Damning Chilcot Report Confirms Iraq Invasion Was Bush/Blair's War of Choice
"Military action at that time was not a last resort."
"I will be with you, whatever," former British Prime Minister Tony Blair pledged to U.S. President George Bush on July 28, 2002. That vow was made public Tuesday in the damning Chilcot Inquiry, underscoring the investigation's conclusion: The invasion of Iraq was decided on well before all peaceful resolutions were exhausted, proving—as critics have long-contended—that the disastrous intervention was a war of choice.
"In 2003, for the first time since the Second World War, the United Kingdom took part in an invasion and full-scale occupation of a sovereign State. That was a decision of the utmost gravity," said Sir John Chilcot, in a statement Tuesday presenting the findings of the 7-year inquiry, which was established in 2009 by then-Prime Minister Gordon Brown to address the failures of the Iraq War.
"We have concluded," Chilcot continued, "that the UK chose to join the invasion of Iraq before the peaceful options for disarmament had been exhausted. Military action at that time was not a last resort."
Lindsey German, convenor of the UK-based Stop the War Coalition, which led the popular movement against the Iraq invasion, said the group "welcome[s] the fact that this report is so damning but for us this is not the end but the beginning. There must be legal sanctions against Tony Blair and he should no longer be considered fit for any office."
A War of Choice
Among the report's findings is that Blair ignored warnings over the gross consequences of such action and deliberately overstated the "severity of the threat posed by Iraq’s weapons of mass destruction (WMD)," which was largely used to justify the intervention.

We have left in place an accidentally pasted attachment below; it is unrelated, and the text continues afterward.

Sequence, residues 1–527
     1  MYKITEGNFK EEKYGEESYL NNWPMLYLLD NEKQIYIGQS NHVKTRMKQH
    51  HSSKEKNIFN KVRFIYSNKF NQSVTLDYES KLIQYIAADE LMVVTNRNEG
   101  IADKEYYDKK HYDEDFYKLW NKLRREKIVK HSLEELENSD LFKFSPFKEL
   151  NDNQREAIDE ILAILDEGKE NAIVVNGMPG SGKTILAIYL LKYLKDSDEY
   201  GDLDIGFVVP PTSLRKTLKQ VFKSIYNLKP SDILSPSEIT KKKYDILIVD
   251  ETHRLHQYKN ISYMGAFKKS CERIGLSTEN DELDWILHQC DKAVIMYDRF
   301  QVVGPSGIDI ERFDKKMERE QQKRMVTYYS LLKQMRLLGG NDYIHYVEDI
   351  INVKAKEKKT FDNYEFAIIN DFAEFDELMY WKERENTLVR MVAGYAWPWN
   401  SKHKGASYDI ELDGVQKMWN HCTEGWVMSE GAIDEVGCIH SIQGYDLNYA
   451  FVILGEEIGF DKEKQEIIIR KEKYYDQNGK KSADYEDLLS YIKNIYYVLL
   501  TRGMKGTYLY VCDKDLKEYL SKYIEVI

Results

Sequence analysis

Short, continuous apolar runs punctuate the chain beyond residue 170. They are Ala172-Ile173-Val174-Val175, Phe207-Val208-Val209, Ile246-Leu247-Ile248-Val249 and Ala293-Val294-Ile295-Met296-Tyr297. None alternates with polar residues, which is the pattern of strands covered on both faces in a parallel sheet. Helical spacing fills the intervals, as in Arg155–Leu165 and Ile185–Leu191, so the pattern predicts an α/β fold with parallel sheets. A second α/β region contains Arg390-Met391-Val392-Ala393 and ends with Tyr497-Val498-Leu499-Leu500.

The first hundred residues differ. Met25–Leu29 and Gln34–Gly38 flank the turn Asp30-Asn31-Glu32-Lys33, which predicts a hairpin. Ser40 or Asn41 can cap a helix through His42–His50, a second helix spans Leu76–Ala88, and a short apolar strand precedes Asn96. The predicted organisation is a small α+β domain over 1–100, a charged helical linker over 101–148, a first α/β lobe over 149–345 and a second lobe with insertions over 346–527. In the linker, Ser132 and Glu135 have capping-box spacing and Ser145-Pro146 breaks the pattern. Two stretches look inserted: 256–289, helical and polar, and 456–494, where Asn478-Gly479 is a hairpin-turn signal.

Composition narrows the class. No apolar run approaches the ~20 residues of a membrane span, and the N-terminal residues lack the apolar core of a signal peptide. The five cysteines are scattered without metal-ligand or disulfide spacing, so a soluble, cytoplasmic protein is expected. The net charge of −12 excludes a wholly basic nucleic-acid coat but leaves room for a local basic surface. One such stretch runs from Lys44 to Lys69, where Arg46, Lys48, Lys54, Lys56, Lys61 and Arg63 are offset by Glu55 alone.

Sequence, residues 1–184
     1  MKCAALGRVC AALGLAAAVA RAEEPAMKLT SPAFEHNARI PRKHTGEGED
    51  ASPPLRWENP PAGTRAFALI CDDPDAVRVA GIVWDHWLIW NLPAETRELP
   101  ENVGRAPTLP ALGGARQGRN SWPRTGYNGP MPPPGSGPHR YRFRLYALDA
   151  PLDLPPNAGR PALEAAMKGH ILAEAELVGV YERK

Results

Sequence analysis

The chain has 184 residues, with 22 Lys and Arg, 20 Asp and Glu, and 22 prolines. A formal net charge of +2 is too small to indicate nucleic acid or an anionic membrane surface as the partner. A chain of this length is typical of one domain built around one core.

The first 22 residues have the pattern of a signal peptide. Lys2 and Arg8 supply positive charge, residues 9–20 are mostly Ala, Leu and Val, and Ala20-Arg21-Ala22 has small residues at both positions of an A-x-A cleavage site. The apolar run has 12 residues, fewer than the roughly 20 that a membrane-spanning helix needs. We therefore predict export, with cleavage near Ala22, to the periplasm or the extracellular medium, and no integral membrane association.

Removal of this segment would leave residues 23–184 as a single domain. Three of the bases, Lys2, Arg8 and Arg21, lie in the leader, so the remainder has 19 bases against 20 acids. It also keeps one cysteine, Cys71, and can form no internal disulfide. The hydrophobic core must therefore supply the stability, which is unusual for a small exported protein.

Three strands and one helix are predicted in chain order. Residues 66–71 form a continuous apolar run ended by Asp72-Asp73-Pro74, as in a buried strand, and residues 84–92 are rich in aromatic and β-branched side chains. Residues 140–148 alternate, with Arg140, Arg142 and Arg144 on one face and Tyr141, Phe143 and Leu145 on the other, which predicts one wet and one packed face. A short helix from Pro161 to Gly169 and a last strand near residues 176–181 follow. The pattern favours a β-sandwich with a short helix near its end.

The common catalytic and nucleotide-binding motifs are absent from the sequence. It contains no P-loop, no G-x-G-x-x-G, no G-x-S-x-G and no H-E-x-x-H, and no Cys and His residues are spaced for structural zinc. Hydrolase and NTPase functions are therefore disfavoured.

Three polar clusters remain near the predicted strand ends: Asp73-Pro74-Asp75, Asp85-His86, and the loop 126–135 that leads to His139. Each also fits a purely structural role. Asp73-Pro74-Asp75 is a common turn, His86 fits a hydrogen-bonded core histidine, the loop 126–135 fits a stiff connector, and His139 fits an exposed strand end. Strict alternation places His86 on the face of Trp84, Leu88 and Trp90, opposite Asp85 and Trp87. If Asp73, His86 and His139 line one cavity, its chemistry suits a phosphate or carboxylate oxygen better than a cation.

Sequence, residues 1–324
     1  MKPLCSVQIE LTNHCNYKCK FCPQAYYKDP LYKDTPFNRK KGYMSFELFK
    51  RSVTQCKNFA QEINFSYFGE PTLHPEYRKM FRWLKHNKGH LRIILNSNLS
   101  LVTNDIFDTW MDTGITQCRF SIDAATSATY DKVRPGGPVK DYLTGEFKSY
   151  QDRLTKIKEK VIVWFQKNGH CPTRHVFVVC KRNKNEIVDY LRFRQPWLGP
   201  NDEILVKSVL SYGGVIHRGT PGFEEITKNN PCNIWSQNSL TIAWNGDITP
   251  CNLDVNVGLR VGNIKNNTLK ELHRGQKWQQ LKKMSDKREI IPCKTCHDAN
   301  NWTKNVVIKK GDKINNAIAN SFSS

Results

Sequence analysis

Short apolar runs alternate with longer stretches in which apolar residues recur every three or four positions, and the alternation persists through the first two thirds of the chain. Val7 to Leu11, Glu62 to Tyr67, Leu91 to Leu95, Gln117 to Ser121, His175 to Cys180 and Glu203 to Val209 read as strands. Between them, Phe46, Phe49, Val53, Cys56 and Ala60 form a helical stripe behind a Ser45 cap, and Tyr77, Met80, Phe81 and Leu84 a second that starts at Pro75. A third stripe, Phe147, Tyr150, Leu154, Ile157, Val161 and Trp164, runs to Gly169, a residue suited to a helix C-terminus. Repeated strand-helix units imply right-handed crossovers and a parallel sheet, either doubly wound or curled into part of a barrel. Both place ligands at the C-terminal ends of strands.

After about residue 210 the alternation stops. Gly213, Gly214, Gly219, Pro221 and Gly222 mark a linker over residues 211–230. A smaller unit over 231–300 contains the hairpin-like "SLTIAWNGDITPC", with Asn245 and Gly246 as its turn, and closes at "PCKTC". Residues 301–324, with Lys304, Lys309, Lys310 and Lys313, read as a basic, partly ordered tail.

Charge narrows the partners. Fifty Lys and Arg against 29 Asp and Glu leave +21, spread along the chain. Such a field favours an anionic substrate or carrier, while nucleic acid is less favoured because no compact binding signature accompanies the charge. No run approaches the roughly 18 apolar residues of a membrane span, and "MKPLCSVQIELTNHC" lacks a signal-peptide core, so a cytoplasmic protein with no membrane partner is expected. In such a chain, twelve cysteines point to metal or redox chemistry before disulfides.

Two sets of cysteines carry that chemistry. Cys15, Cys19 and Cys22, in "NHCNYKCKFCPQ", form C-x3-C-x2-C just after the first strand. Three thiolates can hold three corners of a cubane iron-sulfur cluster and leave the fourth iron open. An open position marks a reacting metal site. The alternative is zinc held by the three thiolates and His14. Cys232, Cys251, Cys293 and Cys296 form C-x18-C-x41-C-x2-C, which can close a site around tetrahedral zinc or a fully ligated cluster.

The investigation outlines the key moments in the lead-up to the invasion, beginning with the attacks on September 11, 2001, after which both Blair and Bush sought to contain Iraqi dictator Saddam Hussein, with the ideal result being regime change.
"We now know that the House was misled in the run-up to the war and the House must now decide how to deal with it 13 years later, just as all those who took the decisions laid bare in the Chilcot report must face up to the consequences of their actions, whatever they may be."
Blair initially pushed for public support and UN backing for a military intervention. In November 2002, the UN Security Council agreed to Resolution 1441, which gave Iraq a final opportunity to disarm or face "serious consequences." But, Chilcot said, "President Bush decided that inspections would not achieve the desired result; the U.S. would take military action in early 2003."
By early January, Blair had also concluded that "the likelihood was war," though the parties failed to obtain a second resolution from the Security Council or convince the other world powers "that peaceful options to disarm Iraq had been exhausted and that military action was therefore justified"—which led the investigation to determine that "the UK was, in fact, undermining the Security Council’s authority" by taking action.
As for the claims regarding Iraq's WMD's and how they were presented to support the case for action, Chilcot notes that in March 2003, Blair declared before the House of Commons that he "judged the possibility of terrorist groups in possession of WMD was 'a real and present danger to Britain and its national security'—and that the threat from Saddam Hussein’s arsenal could not be contained and posed a clear danger to British citizens."
These claims were based on advisement by the Joint Intelligence Committee. "It is now clear that policy on Iraq was made on the basis of flawed intelligence and assessments. They were not challenged, and they should have been," Chilcot stated.
A Very Special Relationship